Some time later I found myself in the middle of my third boggy field swearing at the map. I wasn’t wrong, of course. The stupid map was. And after a little more mild trespassing I spotted a road. It wasn’t on the map, but it was a road. It would take me where I needed to go. Surely. So I plodged through yet another field and onto the road. The same logic that decreed ‘this road will definitely take me where I want to go’ also insisted that I compensate for the fact that I now didn’t know where I was by upping the pace. After all, if you’re going in completely the wrong direction you might as well go…quickly.
After a mile or so I passed a couple enjoying breakfast in a layby, which sounds a bit like a grimy euphemism but it isn’t. I tried to look calm and not like a man who was by this point both exhausted and increasingly hysterical as I offered a cheery wave. After another mile, I reached a crossroads, both literally and figuratively. I knew the campsite was behind ‘that massive hill over there’ (not to be confused with the other 100s of ‘massive hills over there’, of course) and there was a road that went in that vague direction. By this time, I knew it was a race against the clock – I’d indicated what time I should be due back and I didn’t want my wife worrying/scrambling the air ambulance. Do I a) head yet further into Parts Unknown? Or b) try to retrace my steps and go back the way I came? Or c) head back and ask that breakfasting couple where exactly I was and maybe even blag a lift. I’m not ashamed to admit the bottom lip went a bit as I decided. Option b) was perhaps the most sensible, but I was shattered and I knew the route back would be super-tough. Option a) was stupid…but b) and c) meant admitting defeat and possibly involving the dreaded prospect of Other People. A broken man, I reluctantly opted for c). Then, a miracle. Well, not really. But a stroke of fortune. Well, not really – I just finally used some common sense. As I blundered back towards the breakfasting couple I realised I was going through a village that I knew the name of…but how? Because it was mentioned on the map! It wasn’t part of the route, but it was just off it. And THERE WAS A PATH THAT HAD A SIGN AND THE SIGN IMPLIED IT WOULD PUT ME BACK ON THE RIGHT PATH! And it did. Never has a man been happier to see a sign for Ulcat Row.
Oh man, it felt good to be alive. I was heading home. The pace upped. The smile returned/was sported for the first time. My status as a Running/Navigational God was no longer in doubt. Ahem… Not long afterwards I encountered a shepherd rounding up his sheep with his dog. Yeah! Come-Bye! Walk on! Look back! Down Shep! And so forth. I dithered, keen not to get in the way and well aware of my status as ‘prat in skin-tight yellow pissing about on the side of a hill whilst a man tries to grind out a hard-earned living’, but was waved on through. I overcompensated by saying ‘thanks’ about 8 times to the stony-faced shepherd and powered on.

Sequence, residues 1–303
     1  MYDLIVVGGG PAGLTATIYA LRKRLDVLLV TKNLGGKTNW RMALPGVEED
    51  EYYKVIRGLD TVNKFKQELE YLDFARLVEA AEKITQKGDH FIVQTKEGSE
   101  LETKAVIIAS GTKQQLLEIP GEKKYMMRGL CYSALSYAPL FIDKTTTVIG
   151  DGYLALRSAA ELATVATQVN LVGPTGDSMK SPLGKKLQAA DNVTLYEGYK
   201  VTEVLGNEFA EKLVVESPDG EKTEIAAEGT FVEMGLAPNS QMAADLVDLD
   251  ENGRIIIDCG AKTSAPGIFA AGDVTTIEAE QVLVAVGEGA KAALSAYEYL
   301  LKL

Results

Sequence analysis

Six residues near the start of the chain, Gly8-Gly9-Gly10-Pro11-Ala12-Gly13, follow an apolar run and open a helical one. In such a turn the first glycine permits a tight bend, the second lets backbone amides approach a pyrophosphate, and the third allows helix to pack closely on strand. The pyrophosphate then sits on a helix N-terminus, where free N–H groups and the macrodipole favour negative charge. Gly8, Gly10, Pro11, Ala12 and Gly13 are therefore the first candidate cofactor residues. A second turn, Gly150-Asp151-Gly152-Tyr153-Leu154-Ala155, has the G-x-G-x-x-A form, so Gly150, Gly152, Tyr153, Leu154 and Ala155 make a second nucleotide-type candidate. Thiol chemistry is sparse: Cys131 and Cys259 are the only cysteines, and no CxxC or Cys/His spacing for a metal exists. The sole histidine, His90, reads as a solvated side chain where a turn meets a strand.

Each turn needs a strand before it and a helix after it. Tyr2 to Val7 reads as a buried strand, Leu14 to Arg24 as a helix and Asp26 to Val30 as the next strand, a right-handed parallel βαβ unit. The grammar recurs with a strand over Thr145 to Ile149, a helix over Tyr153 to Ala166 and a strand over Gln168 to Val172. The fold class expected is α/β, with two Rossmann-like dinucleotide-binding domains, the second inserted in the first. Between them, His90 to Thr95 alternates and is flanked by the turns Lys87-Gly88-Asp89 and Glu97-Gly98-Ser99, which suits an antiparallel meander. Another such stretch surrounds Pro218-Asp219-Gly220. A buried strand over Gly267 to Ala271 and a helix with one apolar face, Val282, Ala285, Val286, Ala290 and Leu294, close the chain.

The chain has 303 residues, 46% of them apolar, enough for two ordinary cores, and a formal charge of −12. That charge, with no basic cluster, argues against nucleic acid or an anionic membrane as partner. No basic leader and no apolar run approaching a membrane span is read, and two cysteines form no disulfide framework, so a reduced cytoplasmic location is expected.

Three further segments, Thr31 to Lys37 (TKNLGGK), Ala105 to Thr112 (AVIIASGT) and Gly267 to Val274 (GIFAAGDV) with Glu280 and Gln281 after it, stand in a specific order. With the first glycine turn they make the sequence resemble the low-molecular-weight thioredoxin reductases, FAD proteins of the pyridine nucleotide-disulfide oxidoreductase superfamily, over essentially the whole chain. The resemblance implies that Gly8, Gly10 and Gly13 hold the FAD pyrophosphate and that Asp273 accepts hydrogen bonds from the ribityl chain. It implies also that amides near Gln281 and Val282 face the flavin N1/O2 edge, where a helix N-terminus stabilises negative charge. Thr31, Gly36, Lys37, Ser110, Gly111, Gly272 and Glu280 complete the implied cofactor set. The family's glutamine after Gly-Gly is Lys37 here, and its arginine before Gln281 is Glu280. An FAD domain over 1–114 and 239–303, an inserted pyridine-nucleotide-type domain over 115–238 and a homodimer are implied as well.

When I reached the legendary Ulcat Row and I was just about dead on my feet. I’ve underplayed the undulating nature of this route, but I was back on a lengthy incline and it was finishing me off. Eventually it levelled off and as I rounded corner number 700,000 (approx.) I saw a glorious sight a couple of hundred feet below me: the campsite. The temptation to vault the fence and freefall onto the campervan was strong, but in the end I stuck to the road. As I cantered towards the site I composed myself to downplay the whole affair to Mrs T and the kids. Lost? Why, an intentional diversion from the map. To add a few more miles, you know… A glance at the stats shows that I did 10.8 miles (probably closer to 12 in reality) at an average pace of 10.26 mins per mile. Just short of 2 hours on the move. Total elevation? 1,723 feet *dies*
Still, after a shower and a hearty breakfast I was ready to do the whole thing again. I gave my wife the map. We found the waterfalls (it was, ironically, revealed to me that I had in fact been to visit Aira Force before. Whoops. Stupid unmemorable waterfall.) and the correct path and the full extent of my mis-interpretation was revealed in all its technicolour glory. By the time I was looking down on the campsite from 200 feet for the second time that day, I was completely and utterly knackered. Still, all good training *dies*
Amazingly, I didn’t go running the next day. I was a bit sore. But I did manage 4 miles the day after. ‘I’ll stick to a flat route’ I thought. As it happens, there aren’t any flat routes in what is notoriously the most hilly part of England. Gah.
Running this week: I’ve notched up a total of 28.3 miles over 5 runs. After my rural adventures I finished the week at the York 10k. More of that next time.